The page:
Road deaths rise puts UK behind most European countries
Road fatalities in the UK rose by four per cent last year prompting more calls for improved road safety
The UK has been found trailing most European countries in the push to reduce road deaths, with the number of people killed on the country’s roads rising four per cent last year.
Figures from the European Transport Safety Council (ETSC) show 1,878 people died on UK roads in 2016, compared to 1,804 in 2015.
Since 2010 the UK has cut fatalities by just 1.4 per cent with only Luxembourg, Malta and Sweden making worse progress during the same period.
The highest fall in European road deaths last year came from Lithuania with a 22.3 per cent reduction, while the figure dropped 7.1 per cent in Germany and 4.6 per cent in Italy. But Spain saw a 6.4 per cent rise in fatalities between 2015 and 2016.
While reductions in road deaths in the UK have stagnated, it remains one of the safest places in Europe to drive. Last year there were with 3.5 deaths per billion kilometres travelled and 29 deaths per million people, the third and fourth lowest on the continent respectively.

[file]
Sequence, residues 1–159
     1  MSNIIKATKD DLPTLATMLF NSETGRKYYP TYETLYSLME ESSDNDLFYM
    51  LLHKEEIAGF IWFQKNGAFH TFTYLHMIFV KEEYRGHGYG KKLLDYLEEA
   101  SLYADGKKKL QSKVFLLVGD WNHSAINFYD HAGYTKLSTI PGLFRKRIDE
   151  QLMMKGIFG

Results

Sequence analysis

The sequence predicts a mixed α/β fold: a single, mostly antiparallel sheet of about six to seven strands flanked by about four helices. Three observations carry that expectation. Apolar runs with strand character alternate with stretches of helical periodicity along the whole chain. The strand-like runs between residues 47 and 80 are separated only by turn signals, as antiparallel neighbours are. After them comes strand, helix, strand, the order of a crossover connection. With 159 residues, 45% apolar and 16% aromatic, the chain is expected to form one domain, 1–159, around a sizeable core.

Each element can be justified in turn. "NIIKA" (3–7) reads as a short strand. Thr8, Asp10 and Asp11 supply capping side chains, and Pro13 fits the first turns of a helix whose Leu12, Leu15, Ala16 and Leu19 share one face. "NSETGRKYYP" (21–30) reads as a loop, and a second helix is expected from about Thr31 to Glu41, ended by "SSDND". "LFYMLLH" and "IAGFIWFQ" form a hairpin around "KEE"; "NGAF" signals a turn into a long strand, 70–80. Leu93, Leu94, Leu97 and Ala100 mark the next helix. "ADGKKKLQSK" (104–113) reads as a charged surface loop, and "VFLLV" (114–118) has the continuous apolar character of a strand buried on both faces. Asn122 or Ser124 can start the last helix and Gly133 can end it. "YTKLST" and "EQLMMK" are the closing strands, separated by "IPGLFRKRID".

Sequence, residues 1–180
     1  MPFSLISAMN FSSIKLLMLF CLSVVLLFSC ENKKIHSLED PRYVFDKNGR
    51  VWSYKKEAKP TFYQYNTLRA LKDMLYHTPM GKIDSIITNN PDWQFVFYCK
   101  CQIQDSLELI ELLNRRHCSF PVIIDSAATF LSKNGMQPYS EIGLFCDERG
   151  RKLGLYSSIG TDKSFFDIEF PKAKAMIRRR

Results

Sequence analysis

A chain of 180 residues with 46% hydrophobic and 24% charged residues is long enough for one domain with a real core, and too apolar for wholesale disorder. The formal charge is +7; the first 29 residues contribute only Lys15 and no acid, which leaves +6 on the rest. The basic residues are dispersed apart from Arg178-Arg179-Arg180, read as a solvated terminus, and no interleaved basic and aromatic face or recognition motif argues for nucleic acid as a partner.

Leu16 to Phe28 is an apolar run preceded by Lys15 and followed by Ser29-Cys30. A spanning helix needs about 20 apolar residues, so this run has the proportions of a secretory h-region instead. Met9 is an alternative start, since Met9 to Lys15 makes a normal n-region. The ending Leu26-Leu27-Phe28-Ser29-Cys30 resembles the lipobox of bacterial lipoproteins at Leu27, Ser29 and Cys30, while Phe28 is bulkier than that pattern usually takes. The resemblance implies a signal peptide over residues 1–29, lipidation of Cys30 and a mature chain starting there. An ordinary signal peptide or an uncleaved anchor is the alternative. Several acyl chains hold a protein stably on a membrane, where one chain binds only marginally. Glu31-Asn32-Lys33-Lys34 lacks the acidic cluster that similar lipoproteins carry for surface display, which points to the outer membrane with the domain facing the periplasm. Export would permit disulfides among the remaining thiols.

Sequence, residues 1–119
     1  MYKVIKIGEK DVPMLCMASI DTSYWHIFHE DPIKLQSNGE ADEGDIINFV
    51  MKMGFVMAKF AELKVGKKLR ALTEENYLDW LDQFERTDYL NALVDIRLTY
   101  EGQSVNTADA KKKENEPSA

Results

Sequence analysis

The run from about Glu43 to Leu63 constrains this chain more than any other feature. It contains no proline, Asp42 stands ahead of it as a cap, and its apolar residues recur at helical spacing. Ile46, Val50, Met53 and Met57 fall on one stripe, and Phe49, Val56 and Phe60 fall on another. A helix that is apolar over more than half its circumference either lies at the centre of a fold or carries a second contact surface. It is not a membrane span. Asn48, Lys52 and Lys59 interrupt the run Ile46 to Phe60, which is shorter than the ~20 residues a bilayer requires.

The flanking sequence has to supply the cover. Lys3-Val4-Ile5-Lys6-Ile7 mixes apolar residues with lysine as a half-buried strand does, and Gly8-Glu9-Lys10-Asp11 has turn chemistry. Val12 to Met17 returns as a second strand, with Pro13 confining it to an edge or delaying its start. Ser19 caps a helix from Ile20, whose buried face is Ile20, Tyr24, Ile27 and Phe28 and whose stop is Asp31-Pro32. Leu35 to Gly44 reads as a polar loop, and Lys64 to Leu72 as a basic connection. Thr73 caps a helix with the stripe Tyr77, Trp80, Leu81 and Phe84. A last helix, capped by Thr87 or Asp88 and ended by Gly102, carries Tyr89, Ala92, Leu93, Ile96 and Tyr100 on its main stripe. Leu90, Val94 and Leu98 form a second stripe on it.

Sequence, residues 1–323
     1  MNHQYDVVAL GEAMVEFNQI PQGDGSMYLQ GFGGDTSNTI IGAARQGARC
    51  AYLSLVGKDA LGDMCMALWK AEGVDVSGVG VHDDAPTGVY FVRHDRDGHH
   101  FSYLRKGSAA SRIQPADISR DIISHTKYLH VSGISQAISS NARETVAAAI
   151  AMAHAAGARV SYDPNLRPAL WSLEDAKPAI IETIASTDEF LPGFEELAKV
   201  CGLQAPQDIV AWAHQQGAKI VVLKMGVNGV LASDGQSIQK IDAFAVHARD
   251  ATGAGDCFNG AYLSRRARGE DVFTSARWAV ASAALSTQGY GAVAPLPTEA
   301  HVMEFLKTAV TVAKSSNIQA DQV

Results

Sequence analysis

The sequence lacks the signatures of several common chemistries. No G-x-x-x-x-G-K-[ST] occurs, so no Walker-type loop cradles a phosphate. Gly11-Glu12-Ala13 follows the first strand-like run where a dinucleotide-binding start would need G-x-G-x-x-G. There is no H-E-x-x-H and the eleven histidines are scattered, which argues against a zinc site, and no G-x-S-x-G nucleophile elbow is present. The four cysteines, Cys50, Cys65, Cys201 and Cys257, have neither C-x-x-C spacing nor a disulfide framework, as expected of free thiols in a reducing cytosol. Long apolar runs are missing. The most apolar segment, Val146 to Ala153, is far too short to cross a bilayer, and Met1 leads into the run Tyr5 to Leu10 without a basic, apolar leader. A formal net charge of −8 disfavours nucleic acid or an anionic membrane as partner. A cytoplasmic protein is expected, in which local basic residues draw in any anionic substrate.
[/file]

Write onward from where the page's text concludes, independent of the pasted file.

The European Union set a target to halve road deaths between 2010 and 2020 but progress has stagnated in recent years with only half of member states seeing a drop in fatalities in 2016. Last year 25,671 people died on Europe’s roads, compared to 31,595 in 2010.
The ETSC is calling for better funding for road safety programmes as well as streamlining emergency service response chains across member states.
The ETSC report on road fatalities stated: "Since 2014, progress has virtually ground to a halt. The political will to improve on this poor progress is important. The lack of it at EU member state level has contributed to a decline in levels of police enforcement, a failure to invest in safer infrastructure and limited action on tackling speed and drink driving in a number of countries.
“At the EU level there has also been a conspicuous lack of action. Minimum EU vehicle safety standards have not been updated since 2009 despite rapid advances in vehicle crashworthiness and new technology that can help drivers to avoid or mitigate the consequences of collisions.”
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